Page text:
Moment for Mission
“By the tender mercy of our God, the dawn from on high will break upon us,…to guide our feet into the way of peace.” —Luke 1:78-79, NRSV
“It was the best of times, it was the worst of times, it was the age of wisdom, it was the age of foolishness, it was the epoch of belief, it was the epoch of incredulity, it was the season of light, it was the season of darkness, it was the spring of hope, it was the winter of despair.”
A Tale of Two Cities ends as a story of resurrection with the main characters being “recalled to life.” Resurrection demonstrates that the spiritual lives of all people depend upon the hope of being born anew, recalled to life.
This season of social, political and spiritual unrest around the world creates a sense of chaos and uncertainty. For many who are vulnerable, and those who love them, it feels like the worst of times.
What does it mean for us to be recalled to life?
We are claimed by the Creator, forever embraced and born anew. To be recalled to life is to turn from our ways of violence and hatred, to live into our Creator’s desire for each of us to be whole and to work to make a world where every human is afforded this divinely ordained dignity.
It is not the worst of times. It is not the best of times. It is a time when people of faith are recalled to a life of resurrection and hope.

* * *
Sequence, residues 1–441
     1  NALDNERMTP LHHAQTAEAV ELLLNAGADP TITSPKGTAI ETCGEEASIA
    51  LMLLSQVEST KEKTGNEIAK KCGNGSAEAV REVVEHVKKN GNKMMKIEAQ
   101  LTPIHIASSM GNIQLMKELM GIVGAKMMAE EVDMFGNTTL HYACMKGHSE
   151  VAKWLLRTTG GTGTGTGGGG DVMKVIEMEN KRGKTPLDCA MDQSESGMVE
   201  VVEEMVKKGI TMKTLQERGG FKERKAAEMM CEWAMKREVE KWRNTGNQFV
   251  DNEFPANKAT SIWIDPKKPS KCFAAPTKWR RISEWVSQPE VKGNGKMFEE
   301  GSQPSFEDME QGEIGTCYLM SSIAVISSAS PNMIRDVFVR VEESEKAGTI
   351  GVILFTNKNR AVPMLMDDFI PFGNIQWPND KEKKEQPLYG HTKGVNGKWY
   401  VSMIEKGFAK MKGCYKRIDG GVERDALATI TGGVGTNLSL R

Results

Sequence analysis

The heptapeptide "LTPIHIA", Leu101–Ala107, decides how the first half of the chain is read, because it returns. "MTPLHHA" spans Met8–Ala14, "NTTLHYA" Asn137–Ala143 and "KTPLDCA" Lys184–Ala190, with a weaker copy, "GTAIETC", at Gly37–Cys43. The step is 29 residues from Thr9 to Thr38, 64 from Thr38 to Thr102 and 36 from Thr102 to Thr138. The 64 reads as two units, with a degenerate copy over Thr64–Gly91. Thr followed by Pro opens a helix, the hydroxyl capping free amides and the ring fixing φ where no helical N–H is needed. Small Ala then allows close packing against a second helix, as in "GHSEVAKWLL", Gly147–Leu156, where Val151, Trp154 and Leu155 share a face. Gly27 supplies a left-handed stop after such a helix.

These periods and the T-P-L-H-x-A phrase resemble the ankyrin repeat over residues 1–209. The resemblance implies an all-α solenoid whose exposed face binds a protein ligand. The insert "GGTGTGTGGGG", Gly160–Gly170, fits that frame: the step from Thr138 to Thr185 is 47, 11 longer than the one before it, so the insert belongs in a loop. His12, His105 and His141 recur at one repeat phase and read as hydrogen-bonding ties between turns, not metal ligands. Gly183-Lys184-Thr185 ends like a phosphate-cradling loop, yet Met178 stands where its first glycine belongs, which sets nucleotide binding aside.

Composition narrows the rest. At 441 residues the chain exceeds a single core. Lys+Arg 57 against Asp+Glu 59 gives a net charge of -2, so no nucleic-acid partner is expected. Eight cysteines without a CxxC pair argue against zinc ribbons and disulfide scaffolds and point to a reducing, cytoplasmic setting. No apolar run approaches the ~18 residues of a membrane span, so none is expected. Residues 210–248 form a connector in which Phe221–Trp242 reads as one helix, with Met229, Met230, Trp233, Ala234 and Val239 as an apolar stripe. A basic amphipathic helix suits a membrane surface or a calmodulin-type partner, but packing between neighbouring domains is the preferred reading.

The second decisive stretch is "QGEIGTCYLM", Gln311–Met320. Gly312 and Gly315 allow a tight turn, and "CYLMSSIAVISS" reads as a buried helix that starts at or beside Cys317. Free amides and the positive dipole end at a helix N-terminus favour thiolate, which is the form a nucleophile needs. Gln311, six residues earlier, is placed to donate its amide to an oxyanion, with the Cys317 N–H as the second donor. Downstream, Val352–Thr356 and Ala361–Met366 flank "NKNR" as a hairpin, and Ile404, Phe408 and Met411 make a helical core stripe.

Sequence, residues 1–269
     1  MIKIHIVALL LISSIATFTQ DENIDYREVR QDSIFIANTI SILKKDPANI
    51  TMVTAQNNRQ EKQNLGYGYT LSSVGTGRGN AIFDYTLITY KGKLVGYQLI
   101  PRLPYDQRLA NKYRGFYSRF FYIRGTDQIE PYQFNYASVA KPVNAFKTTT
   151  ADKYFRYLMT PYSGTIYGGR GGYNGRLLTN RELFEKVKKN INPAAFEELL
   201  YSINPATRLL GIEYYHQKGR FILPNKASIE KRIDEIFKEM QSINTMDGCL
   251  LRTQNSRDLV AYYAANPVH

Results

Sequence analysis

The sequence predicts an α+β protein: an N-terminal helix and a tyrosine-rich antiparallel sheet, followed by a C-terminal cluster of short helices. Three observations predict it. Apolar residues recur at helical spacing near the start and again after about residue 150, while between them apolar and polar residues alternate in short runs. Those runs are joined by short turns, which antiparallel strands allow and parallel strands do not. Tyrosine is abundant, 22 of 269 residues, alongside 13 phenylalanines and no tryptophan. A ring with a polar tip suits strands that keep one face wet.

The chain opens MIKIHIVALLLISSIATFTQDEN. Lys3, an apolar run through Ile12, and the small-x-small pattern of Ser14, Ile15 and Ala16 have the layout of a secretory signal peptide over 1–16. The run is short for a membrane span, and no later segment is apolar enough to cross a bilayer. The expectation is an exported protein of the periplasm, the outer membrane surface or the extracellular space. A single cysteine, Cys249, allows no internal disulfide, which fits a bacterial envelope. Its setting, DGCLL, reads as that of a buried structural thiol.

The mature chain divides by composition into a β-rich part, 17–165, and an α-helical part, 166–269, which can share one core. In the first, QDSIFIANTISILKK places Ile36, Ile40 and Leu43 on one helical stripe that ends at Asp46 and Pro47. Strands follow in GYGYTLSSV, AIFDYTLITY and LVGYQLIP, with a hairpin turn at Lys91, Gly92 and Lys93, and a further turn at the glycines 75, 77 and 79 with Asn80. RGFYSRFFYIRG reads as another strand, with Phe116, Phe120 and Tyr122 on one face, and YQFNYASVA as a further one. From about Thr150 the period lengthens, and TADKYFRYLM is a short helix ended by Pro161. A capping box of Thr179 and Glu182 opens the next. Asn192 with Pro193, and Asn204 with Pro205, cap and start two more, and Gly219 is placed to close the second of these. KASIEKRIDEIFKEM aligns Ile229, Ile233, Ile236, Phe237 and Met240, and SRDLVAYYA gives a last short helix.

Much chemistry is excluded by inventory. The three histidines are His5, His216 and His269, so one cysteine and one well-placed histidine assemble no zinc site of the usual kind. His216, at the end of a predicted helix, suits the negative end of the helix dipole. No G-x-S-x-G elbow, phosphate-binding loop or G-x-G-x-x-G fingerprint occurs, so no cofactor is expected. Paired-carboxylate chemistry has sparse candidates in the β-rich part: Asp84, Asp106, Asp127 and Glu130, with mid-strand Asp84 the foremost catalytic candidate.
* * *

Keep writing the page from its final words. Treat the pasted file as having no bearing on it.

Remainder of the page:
— Adapted from “Recalled to Life in the Midst of Chaos” by the Rev. Susan Henry-Crowe, general secretary, General Board of Church and Society, Nov. 2, 2018
Loving God, in a world often fraught with despair, call us to a life of resurrection and hope. Guide our feet into the way of peace. In your name, we pray. Amen.
From Discipleship Ministries: Third Sunday of Advent – God of Might and Mercy: Our days and nights are filled with jolly songs, festive parties, and extravagant gifts, beautifully wrapped. We confess we just don’t want to hear a call to repentance in the midst of our revelry. Yet you remind us that without hearing a call to repent, we risk missing the whole point of Christ’s coming. We bring our gifts this morning to your altar, knowing they are not what they ought to be, and we are not who we hoped to be. And in this acknowledgement we become ready to hear the call of repentance and more ready to welcome a Savior. This we pray in that holy name above all others, Jesus the Christ. Amen.(Zephaniah 3:14-20)(Luke 3:7-18)
Through your congregation’s support of the World Service Fund, you nurture the ministry of the United Methodist Board of Church and Society. One of its latest ventures is “Connecting Faith and Justice,” a curriculum series for junior high students.
Designed to help youth actively explore the intersection of faith and justice, the curriculum is available for free download.
Junior high is confirmation time for many United Methodist youth. It is “a perfect time,” says Aimee Hong, director of the United Methodist seminar program at the board, “to walk alongside students, encouraging them to search deeper within themselves, their relationship with God, and their role within their community and the larger world.”
The stand-alone lessons may be used with any number of students. Each is designed to last an hour and includes a centering moment, Scripture study, group activity and closing moment. The curriculum follows the lectionary year and runs from Dec. 2, 2018, through Dec. 29, 2019.
Your generosity changes lives. Thank you!
—Adapted from General Board of Church and Society website, Nov. 5, 2018